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Madam Bhikaji Cama - The first person to hoist the Indian national flag on foreign soil

On August 22, 1907, Madam Bhikaji Cama became the first person to hoist Indian flag on foreign soil in Stuttgart in Germany. Appealing for human rights, equality and for autonomy from Great Britain, she described the devastating effects of a famine that had struck the Indian subcontinent.

'Behold, the flag of independent India is born! It has been made sacred by the blood of young Indians who sacrificed their lives in its honour. In the name of this flag, I appeal to lovers of freedom all over the world to support this struggle.' – Bhikaji Cama.

This is the fascinating story of this indomitable lady who played an important role in the early years of India’s freedom struggle.

Bhikaji Cama was born on September 24 1861 into a large, affluent Parsi family. Her father, Sorabji Framji Patel, was a famous merchant who was at the the forefront of business, education, and philanthropy in the city of Bombay.

Influenced by an environment in which the Indian nationalist movement was taking root, Bhikaji was drawn toward political issues from a very early age. She had a flair for languages and soon became proficient in arguing her country’s cause in different circles.

In 1885, she married Rustomji Cama, a well-known lawyer, but her involvement with sociopolitical issues led to differences between the couple.While Mr Cama adored British, loved their culture and thought they had done a lot of good to India, Bhikaji was a nationalist at heart and believed that the Britishers had ruthlessly exploited India for their own profit. It was not a happy marriage, and Bhikhaji spent most of her time and energy in philanthropic activities and social work.

In 1896, bubonic plague broke out in the Bombay Presidency and Bhikaji immediately volunteered to help the team working to save plague victims. Hundreds were dying in Bombay and Bhikaji too caught the deadly disease. Though she recovered, the disease left her in poor health.

She was advised to go to Europe for rest and recuperation and in 1902, Bhikaji left India for London which was to become her home for the rest of life.

During her stay there, she met Dadabhai Naoroji, a strong critic of British economic policy in India, and began working for the Indian National Congress. Cama also came in contact with other Indian nationalists, including Lala Har Dayal, and Shyamji Krishnavarma, and addressed several meetings in London’s Hyde Park.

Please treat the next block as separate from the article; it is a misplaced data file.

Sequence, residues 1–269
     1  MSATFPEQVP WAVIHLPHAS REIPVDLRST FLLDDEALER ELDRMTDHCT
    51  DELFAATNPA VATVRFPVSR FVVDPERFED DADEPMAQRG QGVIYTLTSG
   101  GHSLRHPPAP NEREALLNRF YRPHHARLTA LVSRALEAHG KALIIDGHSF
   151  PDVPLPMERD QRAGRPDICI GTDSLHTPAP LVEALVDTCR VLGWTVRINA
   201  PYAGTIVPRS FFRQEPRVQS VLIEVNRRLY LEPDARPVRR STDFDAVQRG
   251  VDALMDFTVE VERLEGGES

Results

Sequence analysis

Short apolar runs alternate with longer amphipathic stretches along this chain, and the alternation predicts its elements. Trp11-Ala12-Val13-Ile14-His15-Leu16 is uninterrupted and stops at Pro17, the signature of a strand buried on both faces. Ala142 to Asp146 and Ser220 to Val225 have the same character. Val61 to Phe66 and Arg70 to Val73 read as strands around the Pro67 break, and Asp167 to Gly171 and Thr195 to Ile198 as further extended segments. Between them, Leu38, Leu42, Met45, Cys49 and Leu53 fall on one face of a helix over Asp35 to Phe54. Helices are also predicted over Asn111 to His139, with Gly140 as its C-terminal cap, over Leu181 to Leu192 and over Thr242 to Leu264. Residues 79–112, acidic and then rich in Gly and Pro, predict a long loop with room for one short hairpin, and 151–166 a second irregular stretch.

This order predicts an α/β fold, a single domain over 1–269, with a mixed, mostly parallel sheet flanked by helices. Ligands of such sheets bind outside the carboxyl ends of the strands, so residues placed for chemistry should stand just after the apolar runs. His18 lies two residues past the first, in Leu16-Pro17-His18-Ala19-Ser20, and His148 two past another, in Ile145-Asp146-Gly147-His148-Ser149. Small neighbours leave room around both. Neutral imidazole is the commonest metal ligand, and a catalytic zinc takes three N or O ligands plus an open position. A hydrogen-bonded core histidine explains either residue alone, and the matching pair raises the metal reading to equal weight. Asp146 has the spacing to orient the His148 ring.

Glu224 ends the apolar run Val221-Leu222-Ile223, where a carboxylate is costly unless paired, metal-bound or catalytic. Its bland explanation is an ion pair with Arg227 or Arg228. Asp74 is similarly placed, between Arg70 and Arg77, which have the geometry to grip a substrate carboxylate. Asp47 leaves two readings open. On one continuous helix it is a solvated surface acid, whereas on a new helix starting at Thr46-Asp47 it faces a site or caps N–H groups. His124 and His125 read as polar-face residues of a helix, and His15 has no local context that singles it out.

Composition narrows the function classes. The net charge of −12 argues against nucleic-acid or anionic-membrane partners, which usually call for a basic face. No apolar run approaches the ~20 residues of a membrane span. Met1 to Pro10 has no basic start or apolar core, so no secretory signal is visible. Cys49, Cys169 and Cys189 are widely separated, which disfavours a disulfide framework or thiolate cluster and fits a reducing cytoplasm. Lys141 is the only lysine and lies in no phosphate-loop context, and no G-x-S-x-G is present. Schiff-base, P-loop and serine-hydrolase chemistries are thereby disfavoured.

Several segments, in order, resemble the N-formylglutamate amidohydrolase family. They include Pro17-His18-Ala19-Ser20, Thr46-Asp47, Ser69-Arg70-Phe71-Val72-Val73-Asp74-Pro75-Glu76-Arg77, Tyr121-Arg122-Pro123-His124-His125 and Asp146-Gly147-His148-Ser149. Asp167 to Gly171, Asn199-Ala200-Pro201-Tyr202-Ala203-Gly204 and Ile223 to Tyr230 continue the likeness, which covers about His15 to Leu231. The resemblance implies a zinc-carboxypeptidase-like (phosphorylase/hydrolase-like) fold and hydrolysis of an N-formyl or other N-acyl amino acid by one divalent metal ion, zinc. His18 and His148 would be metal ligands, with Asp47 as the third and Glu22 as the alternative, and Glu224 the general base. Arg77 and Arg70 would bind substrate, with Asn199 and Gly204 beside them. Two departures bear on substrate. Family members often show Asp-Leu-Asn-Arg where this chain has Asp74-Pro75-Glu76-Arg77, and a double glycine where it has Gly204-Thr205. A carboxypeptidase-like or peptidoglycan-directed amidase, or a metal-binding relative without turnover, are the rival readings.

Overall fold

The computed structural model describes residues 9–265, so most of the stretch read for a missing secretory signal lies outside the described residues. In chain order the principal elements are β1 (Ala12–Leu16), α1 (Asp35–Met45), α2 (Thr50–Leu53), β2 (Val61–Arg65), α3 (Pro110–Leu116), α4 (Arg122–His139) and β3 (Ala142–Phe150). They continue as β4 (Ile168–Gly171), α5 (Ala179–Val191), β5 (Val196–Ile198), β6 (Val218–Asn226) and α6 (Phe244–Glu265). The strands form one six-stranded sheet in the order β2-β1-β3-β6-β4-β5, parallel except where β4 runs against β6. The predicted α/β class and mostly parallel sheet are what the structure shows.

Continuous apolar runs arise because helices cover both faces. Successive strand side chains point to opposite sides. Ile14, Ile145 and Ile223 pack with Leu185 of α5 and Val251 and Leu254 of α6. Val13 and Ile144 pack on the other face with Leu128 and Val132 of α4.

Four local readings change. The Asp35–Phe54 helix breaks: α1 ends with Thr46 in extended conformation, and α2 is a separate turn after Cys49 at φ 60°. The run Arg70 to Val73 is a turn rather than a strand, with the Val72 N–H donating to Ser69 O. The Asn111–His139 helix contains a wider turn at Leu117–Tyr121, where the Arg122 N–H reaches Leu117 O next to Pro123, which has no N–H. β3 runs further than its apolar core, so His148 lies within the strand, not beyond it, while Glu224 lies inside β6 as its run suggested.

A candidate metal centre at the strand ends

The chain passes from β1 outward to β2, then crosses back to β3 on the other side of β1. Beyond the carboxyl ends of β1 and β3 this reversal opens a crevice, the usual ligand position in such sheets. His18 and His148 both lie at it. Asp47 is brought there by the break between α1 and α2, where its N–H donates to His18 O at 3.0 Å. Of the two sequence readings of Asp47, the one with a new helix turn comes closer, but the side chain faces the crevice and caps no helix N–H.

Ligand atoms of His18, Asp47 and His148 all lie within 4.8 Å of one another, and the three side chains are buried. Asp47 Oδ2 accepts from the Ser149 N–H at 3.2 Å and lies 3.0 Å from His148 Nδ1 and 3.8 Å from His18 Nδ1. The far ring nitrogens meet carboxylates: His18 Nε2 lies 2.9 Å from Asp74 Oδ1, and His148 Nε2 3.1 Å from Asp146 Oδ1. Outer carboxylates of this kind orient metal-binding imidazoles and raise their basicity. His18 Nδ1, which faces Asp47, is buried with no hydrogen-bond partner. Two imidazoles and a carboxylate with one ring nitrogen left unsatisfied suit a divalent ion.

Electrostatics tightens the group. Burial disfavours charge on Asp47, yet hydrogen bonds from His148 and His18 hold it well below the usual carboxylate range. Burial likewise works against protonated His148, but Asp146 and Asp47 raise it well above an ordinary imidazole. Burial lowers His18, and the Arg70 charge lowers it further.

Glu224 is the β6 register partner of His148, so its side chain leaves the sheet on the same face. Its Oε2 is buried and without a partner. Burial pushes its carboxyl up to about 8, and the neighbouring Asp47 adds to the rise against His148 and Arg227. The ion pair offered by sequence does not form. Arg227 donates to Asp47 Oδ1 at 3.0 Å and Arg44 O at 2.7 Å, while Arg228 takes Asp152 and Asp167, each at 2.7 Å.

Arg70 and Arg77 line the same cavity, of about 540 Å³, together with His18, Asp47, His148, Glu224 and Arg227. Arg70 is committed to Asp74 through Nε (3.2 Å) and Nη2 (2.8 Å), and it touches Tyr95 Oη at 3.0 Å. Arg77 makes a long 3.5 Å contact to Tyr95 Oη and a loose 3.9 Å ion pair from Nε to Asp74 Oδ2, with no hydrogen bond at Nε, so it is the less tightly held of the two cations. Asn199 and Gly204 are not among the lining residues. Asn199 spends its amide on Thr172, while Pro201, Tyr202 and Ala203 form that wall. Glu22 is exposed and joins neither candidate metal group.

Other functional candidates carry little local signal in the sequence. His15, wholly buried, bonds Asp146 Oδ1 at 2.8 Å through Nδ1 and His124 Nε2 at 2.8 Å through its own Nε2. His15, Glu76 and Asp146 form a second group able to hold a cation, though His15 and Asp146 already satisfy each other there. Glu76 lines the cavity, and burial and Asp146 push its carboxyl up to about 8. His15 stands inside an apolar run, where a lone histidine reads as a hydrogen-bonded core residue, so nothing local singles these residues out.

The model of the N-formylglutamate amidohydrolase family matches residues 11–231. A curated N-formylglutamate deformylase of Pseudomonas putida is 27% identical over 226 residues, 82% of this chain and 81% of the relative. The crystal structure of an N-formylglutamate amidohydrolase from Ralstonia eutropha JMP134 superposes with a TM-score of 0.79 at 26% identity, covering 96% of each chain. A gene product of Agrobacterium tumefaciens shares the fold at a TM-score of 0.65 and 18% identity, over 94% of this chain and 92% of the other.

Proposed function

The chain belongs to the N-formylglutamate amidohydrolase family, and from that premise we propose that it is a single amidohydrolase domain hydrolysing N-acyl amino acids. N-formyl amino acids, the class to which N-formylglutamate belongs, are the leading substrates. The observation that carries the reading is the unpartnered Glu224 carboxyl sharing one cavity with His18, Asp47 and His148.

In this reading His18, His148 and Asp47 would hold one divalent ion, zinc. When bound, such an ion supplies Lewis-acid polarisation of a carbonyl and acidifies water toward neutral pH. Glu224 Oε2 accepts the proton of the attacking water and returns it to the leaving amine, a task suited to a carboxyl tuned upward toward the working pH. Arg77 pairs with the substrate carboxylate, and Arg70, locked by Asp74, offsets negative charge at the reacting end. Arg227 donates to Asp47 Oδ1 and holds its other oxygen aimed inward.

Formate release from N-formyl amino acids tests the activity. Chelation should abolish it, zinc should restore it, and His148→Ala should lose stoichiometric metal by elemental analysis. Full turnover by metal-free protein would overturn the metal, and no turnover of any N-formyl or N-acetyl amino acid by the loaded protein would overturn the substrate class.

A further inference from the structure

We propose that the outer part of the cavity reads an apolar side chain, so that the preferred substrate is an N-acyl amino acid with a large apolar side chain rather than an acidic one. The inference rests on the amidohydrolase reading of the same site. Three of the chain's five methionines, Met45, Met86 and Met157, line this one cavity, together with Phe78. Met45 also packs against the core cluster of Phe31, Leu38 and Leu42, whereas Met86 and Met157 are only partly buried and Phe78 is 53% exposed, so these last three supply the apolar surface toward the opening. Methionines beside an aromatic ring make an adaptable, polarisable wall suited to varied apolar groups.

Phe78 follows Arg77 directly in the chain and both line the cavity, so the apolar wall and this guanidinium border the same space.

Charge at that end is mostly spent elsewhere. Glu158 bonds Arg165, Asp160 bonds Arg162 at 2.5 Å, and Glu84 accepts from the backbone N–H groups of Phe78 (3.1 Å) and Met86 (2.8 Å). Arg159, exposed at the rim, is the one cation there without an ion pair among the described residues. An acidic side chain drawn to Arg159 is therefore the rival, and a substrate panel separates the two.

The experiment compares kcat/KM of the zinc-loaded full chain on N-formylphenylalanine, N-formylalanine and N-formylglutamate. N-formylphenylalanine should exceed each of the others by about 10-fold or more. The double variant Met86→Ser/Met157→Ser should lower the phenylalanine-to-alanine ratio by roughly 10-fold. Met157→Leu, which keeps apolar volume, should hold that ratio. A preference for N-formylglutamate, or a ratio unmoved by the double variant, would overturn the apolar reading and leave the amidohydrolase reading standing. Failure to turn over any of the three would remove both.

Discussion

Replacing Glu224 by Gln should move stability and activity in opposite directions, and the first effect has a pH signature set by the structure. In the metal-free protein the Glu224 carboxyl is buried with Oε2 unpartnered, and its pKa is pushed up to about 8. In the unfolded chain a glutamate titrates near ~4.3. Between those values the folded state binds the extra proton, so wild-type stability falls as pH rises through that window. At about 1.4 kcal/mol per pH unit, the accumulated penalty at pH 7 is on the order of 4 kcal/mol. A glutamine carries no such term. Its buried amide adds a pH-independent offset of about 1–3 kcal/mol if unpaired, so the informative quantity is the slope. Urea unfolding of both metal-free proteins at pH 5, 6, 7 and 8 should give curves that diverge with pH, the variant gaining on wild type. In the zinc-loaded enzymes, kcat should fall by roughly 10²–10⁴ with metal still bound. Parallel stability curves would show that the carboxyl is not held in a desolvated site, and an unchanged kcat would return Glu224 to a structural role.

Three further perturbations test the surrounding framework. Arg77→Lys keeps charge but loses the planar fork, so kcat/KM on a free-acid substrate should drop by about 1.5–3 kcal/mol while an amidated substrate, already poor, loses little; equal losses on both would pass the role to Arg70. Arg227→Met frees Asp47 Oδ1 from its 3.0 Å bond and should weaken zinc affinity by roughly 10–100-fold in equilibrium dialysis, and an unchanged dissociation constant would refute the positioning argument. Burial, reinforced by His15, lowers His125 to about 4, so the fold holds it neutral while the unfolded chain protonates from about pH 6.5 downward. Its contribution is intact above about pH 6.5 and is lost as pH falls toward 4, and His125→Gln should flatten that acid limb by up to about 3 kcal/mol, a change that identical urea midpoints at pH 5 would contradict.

During her stay in London, she got a message from the British that her return to India would be prohibited unless she would sign a statement promising not to participate in nationalist activities. She refused to make such a promise and remained in exile in Europe.

The same year Cama relocated to Paris, where—together with Singh Rewabhai Rana and Munchershah Burjorji Godrej—she co-founded the Paris Indian Society. Together with other notable members of the movement for Indian sovereignty living in exile, Cama wrote, published and distributed revolutionary literature for the movement, including Bande Mataram (founded in response to the British ban on the patriotic poem) and later Madan’s Talwar (in response to the execution of Madan Lal Dhingra).

Banned in India and Britain, Bhikaji managed to send the weekly magazines to Indian revolutionaries. She also helped the revolutionaries in every way possible, whether with money, material or ideas. The British Government were unable to check her, despite their best efforts.

On August 21, 1907, an International Socialist Conference was being held at Stuttgart, a city in Germany. One thousand representatives from across the world had come to attend the conference. It was on this occasion that Bhikaji Rustom Cama unfurled the first version of the Indian national flag—a tricolour of green, saffron, and red stripes. The fiery lady then announced,

'This is the flag of independent India. I appeal to all gentlemen to stand and salute the Flag.'

Surprised by the dramatic incident, all the representatives at the conference stood up and saluted the first flag of independent Hindustan. Madam Cama had wanted to bring the poverty, starvation and oppression under the British Raj, as also India’s thirst for freedom to the attention of the international community and she had succeeded.

This was no mean achievement. Indian independence was 40 years away, and the world was still unaware of the burning patriotism of the thousands of young Indians who were ready to lay down their lives to free their country from colonial rule. Also, back then, the Britishers were trying their best to punish revolutionaries by bringing in ordinances, bans and imprisoning them for life. Madam Cama’s actions and words were treason for the British Raj and had they caught her, she would have been deported to Andaman’s dreaded Kala Pani jail.

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